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SLAM gets 4.5/10 The politics of poetry


Directed by Partho Sen-Gupta

Starring Adam Bakri, Danielle Horvat, Rachel Blake

4.5/10

The disappearance of a young Muslim woman living in Sydney, followed by the family’s anxieties and the media hysteria that emerges from it, ought to be a more probing insight into the current state of Australia’s multiculturalism. But with an unfocused set of stories, filled with mostly poor and on-the-nose dialogue, Slam is a story worth telling, it just isn’t told well.

The ‘Slam’ in the title refers to slam poetry, which is a passion of Australian Muslim Ameena (Danielle Horvat), who disappears after another night of her political and performative poetry. Her distressed family includes her investigative brother, Ricky (Adam Bakri), who suspects her outspoken and reactionary views on Islamophobia in Australia may’ve lead to her disappearance, in one way or another.

It’s unfortunate to say Slam wastes an interesting theme on a poor script and wasteful story tangents, particularly the cop, Joanne (Rachel Blake), whose multitude of troubles seem to be explored, despite having no relation to the missing woman. It’s no unfair exaggeration to say the dialogue is at soap opera level, with the actors trying and failing to make them sound in any way compelling – characters just walk into rooms and immediately proclaim the most base accusations and revelations to each other.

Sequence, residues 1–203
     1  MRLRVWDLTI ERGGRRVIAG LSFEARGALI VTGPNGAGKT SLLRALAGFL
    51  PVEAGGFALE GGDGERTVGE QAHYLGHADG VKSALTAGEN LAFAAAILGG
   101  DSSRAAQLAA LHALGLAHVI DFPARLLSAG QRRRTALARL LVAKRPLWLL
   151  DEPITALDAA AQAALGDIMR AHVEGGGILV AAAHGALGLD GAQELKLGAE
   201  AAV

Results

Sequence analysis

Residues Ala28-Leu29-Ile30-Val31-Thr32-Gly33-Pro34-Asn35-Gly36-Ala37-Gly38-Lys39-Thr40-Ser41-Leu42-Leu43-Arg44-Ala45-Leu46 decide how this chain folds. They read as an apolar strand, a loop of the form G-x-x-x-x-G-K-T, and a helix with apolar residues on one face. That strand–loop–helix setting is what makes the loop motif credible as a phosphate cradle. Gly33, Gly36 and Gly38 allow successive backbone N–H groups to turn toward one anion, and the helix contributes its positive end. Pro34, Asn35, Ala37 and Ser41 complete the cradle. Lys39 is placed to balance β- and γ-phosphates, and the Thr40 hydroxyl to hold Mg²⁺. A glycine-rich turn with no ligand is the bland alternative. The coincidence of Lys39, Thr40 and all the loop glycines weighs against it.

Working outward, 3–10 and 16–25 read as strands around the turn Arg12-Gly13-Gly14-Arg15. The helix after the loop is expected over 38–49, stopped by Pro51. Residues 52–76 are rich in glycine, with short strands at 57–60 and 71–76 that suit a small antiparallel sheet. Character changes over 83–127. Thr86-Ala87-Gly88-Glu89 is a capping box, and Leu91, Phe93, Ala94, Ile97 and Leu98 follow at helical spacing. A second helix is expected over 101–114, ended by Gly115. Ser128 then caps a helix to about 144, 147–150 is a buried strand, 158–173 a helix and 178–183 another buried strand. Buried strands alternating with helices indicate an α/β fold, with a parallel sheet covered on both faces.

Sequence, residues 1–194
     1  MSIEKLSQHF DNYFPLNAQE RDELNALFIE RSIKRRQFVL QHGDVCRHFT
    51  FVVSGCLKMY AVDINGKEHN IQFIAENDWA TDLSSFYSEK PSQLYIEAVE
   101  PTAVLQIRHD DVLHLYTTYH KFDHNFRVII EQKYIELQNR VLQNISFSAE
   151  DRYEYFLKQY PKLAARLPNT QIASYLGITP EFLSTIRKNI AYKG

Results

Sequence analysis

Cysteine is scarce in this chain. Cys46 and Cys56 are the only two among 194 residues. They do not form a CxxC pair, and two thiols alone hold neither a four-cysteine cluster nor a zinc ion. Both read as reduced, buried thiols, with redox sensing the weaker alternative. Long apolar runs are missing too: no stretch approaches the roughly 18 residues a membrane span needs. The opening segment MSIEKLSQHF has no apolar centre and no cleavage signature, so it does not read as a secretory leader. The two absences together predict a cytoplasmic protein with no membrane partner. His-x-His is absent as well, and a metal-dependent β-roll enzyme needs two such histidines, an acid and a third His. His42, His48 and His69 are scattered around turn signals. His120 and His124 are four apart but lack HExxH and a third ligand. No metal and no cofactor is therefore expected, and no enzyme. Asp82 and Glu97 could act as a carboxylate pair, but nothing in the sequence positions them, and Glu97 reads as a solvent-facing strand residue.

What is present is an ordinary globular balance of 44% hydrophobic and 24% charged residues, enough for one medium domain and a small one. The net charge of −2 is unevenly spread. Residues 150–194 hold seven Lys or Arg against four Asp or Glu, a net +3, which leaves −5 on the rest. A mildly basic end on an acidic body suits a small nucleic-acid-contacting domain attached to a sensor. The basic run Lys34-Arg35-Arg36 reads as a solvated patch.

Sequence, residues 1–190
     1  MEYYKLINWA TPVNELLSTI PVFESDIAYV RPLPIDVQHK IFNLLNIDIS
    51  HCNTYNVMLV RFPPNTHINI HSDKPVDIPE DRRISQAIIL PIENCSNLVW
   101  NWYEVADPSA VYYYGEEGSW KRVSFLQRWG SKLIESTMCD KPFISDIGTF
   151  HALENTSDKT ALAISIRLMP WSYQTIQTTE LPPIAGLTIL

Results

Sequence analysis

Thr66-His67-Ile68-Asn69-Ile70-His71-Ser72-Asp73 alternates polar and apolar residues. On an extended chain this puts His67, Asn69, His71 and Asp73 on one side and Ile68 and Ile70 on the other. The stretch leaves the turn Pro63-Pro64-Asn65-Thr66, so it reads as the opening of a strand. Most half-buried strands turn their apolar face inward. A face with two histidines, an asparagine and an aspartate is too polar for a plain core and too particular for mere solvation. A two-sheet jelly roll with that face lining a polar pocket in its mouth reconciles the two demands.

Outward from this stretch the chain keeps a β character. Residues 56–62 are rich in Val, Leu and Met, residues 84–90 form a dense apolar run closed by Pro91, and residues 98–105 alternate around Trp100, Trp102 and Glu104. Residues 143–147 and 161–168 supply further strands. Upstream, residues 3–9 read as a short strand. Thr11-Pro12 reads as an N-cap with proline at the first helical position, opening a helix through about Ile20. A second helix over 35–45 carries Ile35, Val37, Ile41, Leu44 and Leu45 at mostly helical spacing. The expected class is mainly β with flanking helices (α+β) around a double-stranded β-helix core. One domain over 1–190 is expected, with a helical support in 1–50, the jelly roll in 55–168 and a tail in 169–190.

The moments when there’s no talking is when Slam manages to shine a bit. Director Partho Sen-Gupta works better with looking rather than listening, with the inquisitive camera getting voyeuristic as Ricky spends plenty of time in his missing sister’s bedroom looking for clues, or scoping out the areas she was last seen at. Slam at least works competently at building up the tension, even if it turns out it’s just teasing something that isn’t there.

This wholly socially conscious film feels like it may lead to unearthing the dark underbelly of Australia, though since it ends up being so distracted by pointless story strands, it ends up not being daring enough or going far enough with the material it’s working with. Sen-Gupta proves through this he’s a competent director, able to mine a good deal of emotion and intrigue from even the simplest and quietest of domestic scenes, though as a screenwriter, he needs to inject more into a story like this, and definitely improve his wooden dialogue so that all his characters don’t sound the same. Ending on a scene that fills up what the audience would’ve imagined anyway, Slam is dramatically tone-deaf despite its best intentions.

DAVID MORGAN-BROWN

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